Elly Hong

The Common is Hiring: Be Our Next Interviews Editor

The Interviews Editor organizes and edits a monthly interview feature for The Common Online. (Examples of recent interviews can be found here or here.) Additional interviews may be coordinated by TC’s central editorial team, in consultation with the Interviews Editor. A biannual honorarium is available for this position.

 

The Common is Hiring: Be Our Next Interviews Editor
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Connecting What Has Been Severed with Sudan: The Short Story as it Fills Voids with Imagining

By HISHAM BUSTANI

Translated by ALAN IRID FENDI

 

Every attempt to reach Osman al-Houri has failed. Some corroborative sources have informed me that the man has retreated to an isolated village, that he does not own a cell phone, and that there is no way to reach him. Even more than that, he has evidently given up—deserted, and renounced writing, or so I am told. It is May 2019, and at the moment there is a revolution in Sudan, and people, among them a great number of authors, have taken to the streets and squares, demanding the fall of a regime that has—like many of its “siblings”—weighed down on and repressed them for decades. The Sudanese regime—again like many of its siblings in such circumstances—has shut down the internet for nearly a month now, taken to shooting live bullets at protesters and setting loose its henchmen upon them. By so doing, the regime has further complicated the means of connection with a country whose connection with its Arab surroundings (perhaps excepting Egypt) is already complicated and semi-severed. In light of this, can one even speak of literary connection, especially in a field that in our times has become ever more “elitist”: that of the short story?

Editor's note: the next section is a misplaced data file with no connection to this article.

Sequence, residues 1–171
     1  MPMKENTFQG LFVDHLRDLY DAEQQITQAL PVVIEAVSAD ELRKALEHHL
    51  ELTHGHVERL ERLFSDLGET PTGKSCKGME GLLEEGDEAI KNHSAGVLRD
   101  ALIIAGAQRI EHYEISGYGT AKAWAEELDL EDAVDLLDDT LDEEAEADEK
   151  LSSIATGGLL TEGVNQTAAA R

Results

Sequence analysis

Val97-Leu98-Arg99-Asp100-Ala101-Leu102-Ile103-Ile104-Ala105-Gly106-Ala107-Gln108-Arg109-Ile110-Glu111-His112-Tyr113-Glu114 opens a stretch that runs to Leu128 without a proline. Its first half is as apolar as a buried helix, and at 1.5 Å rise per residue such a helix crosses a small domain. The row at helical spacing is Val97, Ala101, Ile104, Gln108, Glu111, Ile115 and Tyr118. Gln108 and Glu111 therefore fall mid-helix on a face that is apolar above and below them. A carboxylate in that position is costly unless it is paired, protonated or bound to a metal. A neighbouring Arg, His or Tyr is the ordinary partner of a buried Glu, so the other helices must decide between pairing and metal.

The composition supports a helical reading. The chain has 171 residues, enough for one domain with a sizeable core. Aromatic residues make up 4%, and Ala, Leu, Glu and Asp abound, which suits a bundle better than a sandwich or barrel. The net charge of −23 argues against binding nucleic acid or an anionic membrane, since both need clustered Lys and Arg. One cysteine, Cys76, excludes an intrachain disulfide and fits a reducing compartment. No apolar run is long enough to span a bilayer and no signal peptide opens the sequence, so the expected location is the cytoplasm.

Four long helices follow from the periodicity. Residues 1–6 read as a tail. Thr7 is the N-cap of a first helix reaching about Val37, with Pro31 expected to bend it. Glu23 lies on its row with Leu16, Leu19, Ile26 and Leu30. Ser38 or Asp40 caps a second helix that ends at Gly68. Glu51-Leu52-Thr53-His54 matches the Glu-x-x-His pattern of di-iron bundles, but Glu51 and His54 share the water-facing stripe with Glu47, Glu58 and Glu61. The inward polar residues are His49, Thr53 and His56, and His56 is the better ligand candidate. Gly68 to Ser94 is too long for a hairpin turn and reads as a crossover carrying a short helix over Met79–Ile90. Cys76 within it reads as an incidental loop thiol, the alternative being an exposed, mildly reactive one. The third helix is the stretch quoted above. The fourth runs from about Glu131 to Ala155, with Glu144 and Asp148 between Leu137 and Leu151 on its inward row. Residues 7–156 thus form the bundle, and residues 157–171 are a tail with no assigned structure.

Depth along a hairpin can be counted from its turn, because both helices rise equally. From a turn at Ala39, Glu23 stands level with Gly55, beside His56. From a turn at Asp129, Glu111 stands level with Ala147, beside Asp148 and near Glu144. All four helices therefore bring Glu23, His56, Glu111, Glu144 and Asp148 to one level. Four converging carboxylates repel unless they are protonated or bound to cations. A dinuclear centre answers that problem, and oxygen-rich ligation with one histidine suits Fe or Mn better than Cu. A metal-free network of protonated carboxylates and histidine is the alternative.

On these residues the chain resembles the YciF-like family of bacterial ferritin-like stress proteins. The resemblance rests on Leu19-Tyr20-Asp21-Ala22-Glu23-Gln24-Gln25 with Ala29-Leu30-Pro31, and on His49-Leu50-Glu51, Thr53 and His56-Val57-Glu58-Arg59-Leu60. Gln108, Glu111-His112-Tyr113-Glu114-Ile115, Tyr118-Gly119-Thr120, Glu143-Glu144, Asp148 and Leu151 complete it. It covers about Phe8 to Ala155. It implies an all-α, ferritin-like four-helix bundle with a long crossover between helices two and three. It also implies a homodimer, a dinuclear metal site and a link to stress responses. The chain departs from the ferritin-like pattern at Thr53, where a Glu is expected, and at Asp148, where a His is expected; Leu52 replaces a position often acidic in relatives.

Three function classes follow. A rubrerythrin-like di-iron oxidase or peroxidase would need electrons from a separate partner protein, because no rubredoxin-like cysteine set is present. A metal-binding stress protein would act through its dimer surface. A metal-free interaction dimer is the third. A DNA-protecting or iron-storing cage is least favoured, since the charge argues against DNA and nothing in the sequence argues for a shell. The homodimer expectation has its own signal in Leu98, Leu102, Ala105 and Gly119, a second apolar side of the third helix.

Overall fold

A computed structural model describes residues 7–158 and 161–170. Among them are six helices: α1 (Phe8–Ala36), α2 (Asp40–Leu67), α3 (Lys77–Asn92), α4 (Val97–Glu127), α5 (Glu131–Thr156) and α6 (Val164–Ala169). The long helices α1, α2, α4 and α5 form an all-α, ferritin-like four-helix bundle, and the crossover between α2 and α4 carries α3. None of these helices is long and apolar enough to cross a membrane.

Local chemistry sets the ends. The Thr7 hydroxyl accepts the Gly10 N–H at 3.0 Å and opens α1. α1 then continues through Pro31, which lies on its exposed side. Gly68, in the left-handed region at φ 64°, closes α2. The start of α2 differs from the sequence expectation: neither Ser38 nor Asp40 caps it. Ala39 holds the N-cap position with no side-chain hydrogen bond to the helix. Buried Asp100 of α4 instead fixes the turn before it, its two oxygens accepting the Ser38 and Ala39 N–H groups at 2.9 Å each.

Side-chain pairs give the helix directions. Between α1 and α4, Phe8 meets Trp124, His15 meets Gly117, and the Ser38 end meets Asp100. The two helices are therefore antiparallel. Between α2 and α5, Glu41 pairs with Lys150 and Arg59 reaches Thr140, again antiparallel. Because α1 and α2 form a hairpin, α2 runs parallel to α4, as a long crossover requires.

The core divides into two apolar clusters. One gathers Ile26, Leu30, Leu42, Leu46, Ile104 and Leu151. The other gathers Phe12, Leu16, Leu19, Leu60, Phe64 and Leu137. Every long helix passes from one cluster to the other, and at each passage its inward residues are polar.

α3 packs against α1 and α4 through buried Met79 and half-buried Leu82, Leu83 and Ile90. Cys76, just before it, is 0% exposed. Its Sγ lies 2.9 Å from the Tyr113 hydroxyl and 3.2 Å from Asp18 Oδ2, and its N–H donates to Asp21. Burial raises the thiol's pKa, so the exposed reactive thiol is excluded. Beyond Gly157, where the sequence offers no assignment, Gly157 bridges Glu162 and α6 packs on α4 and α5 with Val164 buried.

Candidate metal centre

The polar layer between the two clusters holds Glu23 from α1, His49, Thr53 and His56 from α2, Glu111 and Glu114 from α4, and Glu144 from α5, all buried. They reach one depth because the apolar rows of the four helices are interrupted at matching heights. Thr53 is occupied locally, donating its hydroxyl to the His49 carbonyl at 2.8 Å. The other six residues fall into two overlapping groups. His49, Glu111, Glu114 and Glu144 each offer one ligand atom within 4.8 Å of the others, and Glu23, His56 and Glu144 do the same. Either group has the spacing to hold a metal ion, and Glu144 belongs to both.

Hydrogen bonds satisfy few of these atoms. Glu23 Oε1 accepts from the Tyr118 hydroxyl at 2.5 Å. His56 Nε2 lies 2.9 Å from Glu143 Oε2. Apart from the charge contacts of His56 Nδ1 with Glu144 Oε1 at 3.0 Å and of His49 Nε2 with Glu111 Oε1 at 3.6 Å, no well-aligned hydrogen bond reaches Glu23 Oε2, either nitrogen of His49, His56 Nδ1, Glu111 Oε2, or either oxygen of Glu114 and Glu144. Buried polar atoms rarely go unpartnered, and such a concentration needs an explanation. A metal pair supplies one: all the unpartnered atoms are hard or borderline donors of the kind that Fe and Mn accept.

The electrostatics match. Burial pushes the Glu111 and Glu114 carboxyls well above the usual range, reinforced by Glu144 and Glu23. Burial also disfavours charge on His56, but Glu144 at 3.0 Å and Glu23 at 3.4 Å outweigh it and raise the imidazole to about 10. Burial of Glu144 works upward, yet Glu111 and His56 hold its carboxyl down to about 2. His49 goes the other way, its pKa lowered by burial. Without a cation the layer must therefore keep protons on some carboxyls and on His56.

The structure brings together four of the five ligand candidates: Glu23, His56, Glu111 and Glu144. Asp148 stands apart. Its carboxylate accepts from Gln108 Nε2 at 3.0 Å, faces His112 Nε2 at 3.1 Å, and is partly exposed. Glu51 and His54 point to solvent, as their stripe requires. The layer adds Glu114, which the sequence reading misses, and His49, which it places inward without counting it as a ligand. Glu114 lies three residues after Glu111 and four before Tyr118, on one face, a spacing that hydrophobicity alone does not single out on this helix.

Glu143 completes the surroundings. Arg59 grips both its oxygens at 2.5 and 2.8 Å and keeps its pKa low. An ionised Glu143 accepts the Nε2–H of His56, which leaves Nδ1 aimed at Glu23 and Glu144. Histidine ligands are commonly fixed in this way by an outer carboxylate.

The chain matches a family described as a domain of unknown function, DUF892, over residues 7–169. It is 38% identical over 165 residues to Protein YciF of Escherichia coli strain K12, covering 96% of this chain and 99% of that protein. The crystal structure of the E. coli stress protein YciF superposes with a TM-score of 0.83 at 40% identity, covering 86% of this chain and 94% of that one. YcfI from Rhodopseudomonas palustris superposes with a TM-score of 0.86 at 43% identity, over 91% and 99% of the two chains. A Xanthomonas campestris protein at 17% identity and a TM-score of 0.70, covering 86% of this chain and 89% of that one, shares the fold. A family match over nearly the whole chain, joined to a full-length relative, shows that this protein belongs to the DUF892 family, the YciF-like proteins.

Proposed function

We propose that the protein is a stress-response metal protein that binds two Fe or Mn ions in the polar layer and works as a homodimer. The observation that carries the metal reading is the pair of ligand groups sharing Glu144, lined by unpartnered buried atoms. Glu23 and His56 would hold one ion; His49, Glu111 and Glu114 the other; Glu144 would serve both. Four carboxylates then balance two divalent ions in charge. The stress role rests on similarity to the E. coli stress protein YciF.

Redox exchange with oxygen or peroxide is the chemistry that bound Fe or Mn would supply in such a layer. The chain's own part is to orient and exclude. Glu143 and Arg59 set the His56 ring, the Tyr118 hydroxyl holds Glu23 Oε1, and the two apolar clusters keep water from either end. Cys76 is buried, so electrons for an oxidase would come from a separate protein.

Connecting What Has Been Severed with Sudan: The Short Story as it Fills Voids with Imagining
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Notes on Camp: 2020

By VAL WANG

“John jumped.”

I had no idea what the short sentence meant, only that it came from the Bible and when I said it, all the other campers in my Bible study group laughed and I was off the hook for answering any more questions about God, Jesus, Matthew, Mark, Luke, or John, none of which I knew anything about.

Notes on Camp: 2020
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July 2020 Poetry Feature: Loren Goodman

New poems by LOREN GOODMAN

Please welcome back long-time TC contributor Loren Goodman.

Table of Contents:

—G-d in a Cup

—Dear Jeremy

—Due to the Light

—Dolphin Facts

Loren Goodman was born in Kansas and studied in New York, Tucson, Buffalo and Kobe. He is the author of Famous Americans, selected by W.S. Merwin for the 2002 Yale Series of Younger Poets, and Non-Existent Facts (otata’s bookshelf, 2018), as well as the chapbooks Suppository Writing (The Chuckwagon, 2008), New Products (Proper Tales Press, 2010) and, with Pirooz Kalayeh, Shitting on Elves & Other Poems (New Michigan Press, 2020). A Professor of Creative Writing and English Literature at Yonsei University/Underwood International College in Seoul, Korea, he serves as the Chair of Comparative Literature and Culture and Creative Writing Director.

July 2020 Poetry Feature: Loren Goodman